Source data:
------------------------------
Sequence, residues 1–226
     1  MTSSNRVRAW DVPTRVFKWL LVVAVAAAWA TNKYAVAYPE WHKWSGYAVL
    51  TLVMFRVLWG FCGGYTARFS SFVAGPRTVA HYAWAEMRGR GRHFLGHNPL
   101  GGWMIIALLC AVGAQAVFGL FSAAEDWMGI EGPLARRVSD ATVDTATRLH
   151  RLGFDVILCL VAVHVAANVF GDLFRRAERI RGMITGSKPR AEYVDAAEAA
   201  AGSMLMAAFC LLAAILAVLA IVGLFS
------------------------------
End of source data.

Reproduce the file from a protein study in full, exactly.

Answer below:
Sequence, residues 1–226
     1  MTSSNRVRAW DVPTRVFKWL LVVAVAAAWA TNKYAVAYPE WHKWSGYAVL
    51  TLVMFRVLWG FCGGYTARFS SFVAGPRTVA HYAWAEMRGR GRHFLGHNPL
   101  GGWMIIALLC AVGAQAVFGL FSAAEDWMGI EGPLARRVSD ATVDTATRLH
   151  RLGFDVILCL VAVHVAANVF GDLFRRAERI RGMITGSKPR AEYVDAAEAA
   201  AGSMLMAAFC LLAAILAVLA IVGLFS